At the end of the debate, the floor will be opened to other participants, each of whom can speak for a period of two minutes. All participants, speaking and non, will be provided the opportunity to register their vote on the topic at the conclusion of the evening. These results will be posted back here on praxistheatre.com where further debate and conversation, as always, is encouraged.
Join the Debate
If you are interested in being a debater or moderator, drop us a line via firstname.lastname@example.org.Tell us why critical, respectful debate is important in 150 words or less.
Hope to see you in the tent during the final weekend of The Next Stage Festival. This series begins when we get our topics from you.
Tomorrow, The Theatre Centre will host an official TEDxToronto viewing party. This is a no-cost event with FREE LUNCH to watch and discuss the Ted Talks that will be broadcast live from The Sony Centre.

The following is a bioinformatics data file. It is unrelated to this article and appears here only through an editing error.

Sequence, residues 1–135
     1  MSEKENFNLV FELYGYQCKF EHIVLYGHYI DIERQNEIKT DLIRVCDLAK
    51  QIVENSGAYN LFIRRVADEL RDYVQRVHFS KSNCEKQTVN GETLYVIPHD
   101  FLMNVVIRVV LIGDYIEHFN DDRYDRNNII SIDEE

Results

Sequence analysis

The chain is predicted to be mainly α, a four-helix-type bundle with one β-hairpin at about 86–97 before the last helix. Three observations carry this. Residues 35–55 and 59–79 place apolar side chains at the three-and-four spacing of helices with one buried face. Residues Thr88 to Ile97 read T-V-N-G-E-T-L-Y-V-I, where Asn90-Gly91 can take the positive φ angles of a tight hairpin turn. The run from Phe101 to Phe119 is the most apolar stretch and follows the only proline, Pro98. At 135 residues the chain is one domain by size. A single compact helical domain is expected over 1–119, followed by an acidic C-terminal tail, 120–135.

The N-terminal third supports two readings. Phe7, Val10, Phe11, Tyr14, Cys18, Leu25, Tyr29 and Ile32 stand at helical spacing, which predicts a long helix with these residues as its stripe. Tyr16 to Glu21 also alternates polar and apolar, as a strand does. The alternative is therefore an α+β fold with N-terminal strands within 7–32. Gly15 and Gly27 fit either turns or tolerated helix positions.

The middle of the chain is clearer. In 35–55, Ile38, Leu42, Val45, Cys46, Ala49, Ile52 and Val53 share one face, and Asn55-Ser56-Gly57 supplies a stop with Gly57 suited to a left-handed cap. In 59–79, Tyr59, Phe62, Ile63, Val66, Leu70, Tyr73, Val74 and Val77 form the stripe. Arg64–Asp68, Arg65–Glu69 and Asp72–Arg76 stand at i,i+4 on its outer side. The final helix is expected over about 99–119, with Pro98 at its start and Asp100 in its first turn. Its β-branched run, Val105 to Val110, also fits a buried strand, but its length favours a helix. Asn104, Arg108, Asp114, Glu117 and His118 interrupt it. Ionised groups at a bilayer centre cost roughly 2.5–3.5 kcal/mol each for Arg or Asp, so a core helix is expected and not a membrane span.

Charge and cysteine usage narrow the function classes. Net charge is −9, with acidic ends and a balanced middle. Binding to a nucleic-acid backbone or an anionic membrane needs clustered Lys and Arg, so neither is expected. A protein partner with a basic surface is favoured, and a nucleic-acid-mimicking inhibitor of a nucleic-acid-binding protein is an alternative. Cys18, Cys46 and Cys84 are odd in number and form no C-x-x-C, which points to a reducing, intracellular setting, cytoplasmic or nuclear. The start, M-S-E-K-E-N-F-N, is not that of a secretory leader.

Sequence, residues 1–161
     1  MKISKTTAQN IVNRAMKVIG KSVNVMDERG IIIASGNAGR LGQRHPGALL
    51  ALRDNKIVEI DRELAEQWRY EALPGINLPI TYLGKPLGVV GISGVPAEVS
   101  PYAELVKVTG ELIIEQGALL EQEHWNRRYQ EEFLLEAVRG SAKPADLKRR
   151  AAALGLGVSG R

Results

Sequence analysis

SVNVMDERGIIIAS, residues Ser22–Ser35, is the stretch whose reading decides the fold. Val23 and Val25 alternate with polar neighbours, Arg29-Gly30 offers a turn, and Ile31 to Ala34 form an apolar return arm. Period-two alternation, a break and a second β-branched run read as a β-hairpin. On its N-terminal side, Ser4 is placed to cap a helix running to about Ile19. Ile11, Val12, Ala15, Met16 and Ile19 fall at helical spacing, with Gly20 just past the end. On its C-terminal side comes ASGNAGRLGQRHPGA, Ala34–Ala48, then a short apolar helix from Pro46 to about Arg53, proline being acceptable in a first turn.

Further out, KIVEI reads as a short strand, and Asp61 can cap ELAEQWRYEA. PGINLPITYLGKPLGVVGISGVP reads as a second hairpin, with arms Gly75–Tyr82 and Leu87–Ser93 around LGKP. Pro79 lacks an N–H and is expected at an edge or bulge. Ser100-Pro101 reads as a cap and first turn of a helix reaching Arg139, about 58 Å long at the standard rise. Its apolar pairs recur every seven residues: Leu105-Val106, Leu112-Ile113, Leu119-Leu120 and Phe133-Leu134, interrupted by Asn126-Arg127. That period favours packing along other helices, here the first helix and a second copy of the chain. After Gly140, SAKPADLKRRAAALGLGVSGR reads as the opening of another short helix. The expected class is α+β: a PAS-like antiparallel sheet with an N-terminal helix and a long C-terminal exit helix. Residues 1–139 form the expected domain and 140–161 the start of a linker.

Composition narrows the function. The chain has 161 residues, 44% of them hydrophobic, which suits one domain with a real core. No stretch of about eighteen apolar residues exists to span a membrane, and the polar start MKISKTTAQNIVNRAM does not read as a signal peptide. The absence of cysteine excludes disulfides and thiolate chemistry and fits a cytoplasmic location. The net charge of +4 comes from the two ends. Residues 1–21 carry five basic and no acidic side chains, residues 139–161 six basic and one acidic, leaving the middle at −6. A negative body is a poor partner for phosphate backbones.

Anytime from 9am – 5pm you can drop by throughout the various talks. We’re hoping to learn something new, meet other interested people, and just hang out to think and chat about the concepts a day of exploring challenging ideas inspires in us.
The Theatre Centre will also be live-streaming TEDx tweets at the venue and on The Theatre Centre blog for people who want to know what we’re talking/thinking about, but can’t make it.
TEDxToronto Salon Series
Our stream will include tweets using #TEDxToronto as well as our venue specific tag #TEDxTOTC – for if you want to say something specific to The Theatre Centre crowd or experience.
If you ARE coming by at lunch time (noon -1:30pm) – we ask that you register so we know how much food to get. If you aren’t coming at lunch –just drop on by.
You can register by clicking here. Be sure to select “The Theatre Centre Pop-Up” from the pop up menu at the bottom of the page.
After 33 years in rental spaces across the city, The Theatre Centre will break ground on its permanent home, launching a year-long renovation of the historic Carnegie Library building at 1115 Queen St W on Thursday at 11 am.